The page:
When to AAR

A discussion with colleagues last week both on and off social media on the development of after-action reports (AARs) for the COVID 19 pandemic identified some thoughtful perspectives. To contextualize, the pandemic is arguably the longest and largest response the world has ever faced. Certainly, no one argues the necessity for organizations to develop AARs, as there have been an abundance of lessons learned that transcend all sectors. It’s thankfully not often we are faced with such a long incident, but in these circumstances, we need to reconsider our traditional ways of doing things, which has generally been to develop an AAR at the conclusion of the incident.

One central aspect of the discussions was about the timing of the AARs. When should we develop an AAR for an incident? I certainly think that with most incidents, we can safely AAR when the incident is complete, particularly given that most incidents don’t last as long as the pandemic has. The difficulty with the pandemic, relative to AARs, is time. The more time goes on, the more we focus on recent concerns and the less we remember of the earlier parts of the response. This likely remains within tolerable limits for an incident that will last several weeks or even up to a few months, but eventually we need to recognize that that longer we go without conducting the after-action process, the more value we lose. Yes, we can recreate a lot with through documentation, but human inputs are critical to the AAR process, and time severely erodes those. Given this, I suggest the ideal practice in prolonged incidents is to develop interim AARs to ensure that chunks of time are being captured.

Another aspect related to this is to determine what measure we are using for the incident. The vast majority of AARs focus mostly on response, not recovery. This is an unfortunate symptom of the response-centric mentality that persists in emergency management. We obviously should be conducting AARs after the response phase, but we also need to remember to conduct them once the recovery phase is substantially complete. Given that recovery often lasts much longer than the response, we certainly shouldn’t wait until recovery is complete to develop a single AAR for the incident, rather we should be developing an AAR, at a minimum, at the substantial completion of response and another at the substantial completion of recovery.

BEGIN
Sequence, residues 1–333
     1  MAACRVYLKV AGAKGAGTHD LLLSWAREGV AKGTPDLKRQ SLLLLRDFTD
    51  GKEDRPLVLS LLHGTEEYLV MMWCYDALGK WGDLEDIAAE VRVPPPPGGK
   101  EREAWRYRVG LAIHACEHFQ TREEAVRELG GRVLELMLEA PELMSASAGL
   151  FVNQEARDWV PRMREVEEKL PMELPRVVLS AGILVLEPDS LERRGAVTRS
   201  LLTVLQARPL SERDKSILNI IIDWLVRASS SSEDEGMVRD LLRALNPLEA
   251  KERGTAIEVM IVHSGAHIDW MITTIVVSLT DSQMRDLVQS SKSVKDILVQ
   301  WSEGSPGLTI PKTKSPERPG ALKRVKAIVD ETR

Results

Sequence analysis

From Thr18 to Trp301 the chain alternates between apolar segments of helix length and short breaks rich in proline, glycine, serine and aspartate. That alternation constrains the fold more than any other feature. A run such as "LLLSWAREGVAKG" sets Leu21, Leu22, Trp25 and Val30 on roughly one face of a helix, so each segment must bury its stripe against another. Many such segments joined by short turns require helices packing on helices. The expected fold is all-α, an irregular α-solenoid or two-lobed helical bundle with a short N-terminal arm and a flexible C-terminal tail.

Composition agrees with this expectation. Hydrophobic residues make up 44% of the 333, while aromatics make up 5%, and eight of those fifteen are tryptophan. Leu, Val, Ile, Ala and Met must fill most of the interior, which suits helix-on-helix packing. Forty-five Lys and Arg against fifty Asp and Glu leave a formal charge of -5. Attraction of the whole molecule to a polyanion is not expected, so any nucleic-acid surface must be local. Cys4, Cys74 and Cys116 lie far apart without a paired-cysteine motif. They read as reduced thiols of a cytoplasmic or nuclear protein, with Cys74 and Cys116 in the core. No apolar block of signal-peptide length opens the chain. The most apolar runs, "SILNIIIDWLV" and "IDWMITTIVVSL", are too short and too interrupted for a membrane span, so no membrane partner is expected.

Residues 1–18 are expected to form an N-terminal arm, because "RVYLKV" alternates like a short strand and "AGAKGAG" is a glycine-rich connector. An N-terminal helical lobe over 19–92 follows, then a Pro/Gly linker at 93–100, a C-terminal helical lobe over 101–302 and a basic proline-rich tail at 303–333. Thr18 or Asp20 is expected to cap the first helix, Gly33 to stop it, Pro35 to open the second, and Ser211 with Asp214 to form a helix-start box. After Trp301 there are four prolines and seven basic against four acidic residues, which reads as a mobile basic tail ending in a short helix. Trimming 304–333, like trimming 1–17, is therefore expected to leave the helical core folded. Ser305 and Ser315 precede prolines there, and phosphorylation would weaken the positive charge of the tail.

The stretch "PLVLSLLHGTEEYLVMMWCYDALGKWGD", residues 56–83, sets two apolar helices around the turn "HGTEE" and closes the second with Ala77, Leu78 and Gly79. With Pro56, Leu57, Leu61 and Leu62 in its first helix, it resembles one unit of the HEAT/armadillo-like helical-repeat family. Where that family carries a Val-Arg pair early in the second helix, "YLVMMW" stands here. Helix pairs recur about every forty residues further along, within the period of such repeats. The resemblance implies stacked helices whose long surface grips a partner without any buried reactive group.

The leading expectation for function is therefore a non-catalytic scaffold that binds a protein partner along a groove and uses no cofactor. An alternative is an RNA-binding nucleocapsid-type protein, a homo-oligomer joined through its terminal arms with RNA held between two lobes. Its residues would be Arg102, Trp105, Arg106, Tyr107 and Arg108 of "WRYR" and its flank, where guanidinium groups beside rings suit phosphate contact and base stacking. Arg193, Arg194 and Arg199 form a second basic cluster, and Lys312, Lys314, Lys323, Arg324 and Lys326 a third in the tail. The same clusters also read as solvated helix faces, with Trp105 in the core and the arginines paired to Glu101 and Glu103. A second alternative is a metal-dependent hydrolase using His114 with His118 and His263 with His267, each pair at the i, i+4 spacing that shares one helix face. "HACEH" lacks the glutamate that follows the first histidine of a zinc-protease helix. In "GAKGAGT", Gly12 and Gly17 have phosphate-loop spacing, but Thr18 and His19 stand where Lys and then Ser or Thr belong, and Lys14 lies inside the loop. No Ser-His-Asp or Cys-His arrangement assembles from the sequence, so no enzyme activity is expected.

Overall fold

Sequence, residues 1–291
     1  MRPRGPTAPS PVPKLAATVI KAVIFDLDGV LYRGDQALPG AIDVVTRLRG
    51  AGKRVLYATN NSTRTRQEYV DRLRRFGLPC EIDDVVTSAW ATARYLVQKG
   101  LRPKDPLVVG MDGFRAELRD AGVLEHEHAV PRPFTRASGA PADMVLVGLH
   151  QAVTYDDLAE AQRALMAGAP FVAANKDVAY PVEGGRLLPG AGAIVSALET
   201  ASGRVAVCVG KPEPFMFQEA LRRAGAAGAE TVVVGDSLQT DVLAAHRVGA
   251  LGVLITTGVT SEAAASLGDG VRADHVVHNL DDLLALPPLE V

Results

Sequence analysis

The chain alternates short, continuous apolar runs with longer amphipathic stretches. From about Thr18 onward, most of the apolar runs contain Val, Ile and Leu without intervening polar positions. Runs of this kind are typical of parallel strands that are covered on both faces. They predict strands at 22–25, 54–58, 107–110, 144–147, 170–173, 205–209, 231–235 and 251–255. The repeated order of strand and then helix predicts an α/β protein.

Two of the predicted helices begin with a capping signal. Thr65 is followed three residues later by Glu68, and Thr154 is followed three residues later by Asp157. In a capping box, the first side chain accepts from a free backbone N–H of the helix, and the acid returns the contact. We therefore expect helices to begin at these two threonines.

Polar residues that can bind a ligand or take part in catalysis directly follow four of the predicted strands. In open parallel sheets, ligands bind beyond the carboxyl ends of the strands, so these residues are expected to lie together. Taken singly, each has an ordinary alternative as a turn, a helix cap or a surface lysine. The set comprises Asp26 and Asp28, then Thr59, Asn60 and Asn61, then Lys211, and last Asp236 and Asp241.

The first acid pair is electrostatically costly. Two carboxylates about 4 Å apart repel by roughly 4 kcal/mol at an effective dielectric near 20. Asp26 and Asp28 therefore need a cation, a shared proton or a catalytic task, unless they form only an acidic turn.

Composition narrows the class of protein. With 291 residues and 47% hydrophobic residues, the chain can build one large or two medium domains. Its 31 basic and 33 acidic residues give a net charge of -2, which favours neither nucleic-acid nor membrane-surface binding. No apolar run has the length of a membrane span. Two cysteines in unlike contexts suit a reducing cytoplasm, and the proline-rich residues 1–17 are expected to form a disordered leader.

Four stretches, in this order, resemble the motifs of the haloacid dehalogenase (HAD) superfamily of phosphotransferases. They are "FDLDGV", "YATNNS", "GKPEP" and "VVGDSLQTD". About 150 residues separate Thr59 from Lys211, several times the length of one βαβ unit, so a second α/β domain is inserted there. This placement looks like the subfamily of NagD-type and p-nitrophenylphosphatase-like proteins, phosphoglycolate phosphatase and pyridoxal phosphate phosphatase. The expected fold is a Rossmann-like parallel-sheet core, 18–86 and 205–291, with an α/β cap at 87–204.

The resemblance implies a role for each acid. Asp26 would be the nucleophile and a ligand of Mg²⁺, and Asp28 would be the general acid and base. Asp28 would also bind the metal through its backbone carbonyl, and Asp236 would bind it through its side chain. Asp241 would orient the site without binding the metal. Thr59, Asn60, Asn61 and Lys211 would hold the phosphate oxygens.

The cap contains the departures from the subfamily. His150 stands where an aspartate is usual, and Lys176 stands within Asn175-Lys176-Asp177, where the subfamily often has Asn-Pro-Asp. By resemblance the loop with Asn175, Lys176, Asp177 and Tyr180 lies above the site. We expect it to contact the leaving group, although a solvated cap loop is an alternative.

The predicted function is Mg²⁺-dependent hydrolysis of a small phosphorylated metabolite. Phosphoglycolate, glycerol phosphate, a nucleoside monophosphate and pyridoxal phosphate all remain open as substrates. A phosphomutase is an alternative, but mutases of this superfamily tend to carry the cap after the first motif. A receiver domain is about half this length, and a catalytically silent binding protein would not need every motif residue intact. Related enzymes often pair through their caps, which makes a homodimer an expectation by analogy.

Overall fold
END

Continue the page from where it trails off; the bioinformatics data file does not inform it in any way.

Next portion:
Yet another complication in this discussion is that timing is going to be different for different organizations. I presently have some clients for which the pandemic is much less of a concern operationally as it was a year ago, especially with a vaccinated workforce. So much less of a concern, in fact, that they have largely resumed normal operations, though obviously with the continuation of some precautionary measures. Other organizations, however, are still in a full-blown response; while there are still yet others somewhere in the middle. This means that as we go through time, the pandemic will largely be over for certain organizations and jurisdictions around the world, while others are still consumed by the incident. While the WHO will give the official declaration of the conclusion of the pandemic, it will be over much sooner for a lot of organizations. Organizations should certainly be developing AARs when they feel the incident has substantially ended for them, even though the WHO may not have declared the pandemic to have concluded.

Consider that the main difference between evaluating an exercise and evaluating an incident is that we begin the exercise with the goal of evaluation. As such, evaluation activities are planned and integrated into the exercise, with performance standards identified and staff dedicated to evaluation. While we evaluate our operations for effectiveness during a response and into recovery, we are generally adjusting in real time to this feedback rather than capturing the strengths and opportunities for improvement. Be it during the incident or after, we need to deliberately foster the AAR process to not only capture what was done, but to help chart a path to a more successful future. I’ve been preaching about the value of incident evaluation for several years, and have been thankful to see that FEMA had developed a task book for such.

Given the complexity and duration of the pandemic, I started encouraging organizations to develop interim AARs longer than a year ago, and in fact supported a client in developing their initial response AAR just about a year ago. FEMA smartly assembled an ‘Initial Assessment Report’ of their early response activity through September of 2020, though unfortunately I’ve not seen anything since. There was a question about naming that came up in the discussions I had, suggesting that the term ‘AAR’ should be reserved for after the incident, and a different term used for any other reports. I partially agree. While I think we should still call it what it is – even if it’s done in the midst of an incident, it is still an after-action report – that being an analysis of actions we’ve taken within a defined period of time. Afterall, it’s not called an ‘after incident report’. That said, I do think that any AARs developed during the incident do warrant some clarification, which can incorporate the inclusion of a descriptor such as ‘interim’ or ‘phase 1, 2, 3, etc’, or whatever is most suitable. I don’t think we need anything standardized so long as it’s fairly self-explanatory.

Have you already conducted an AAR for the pandemic? Do you expect to do another?

© 2021 Tim Riecker, CEDP

Emergency Preparedness Solutions, LLC®

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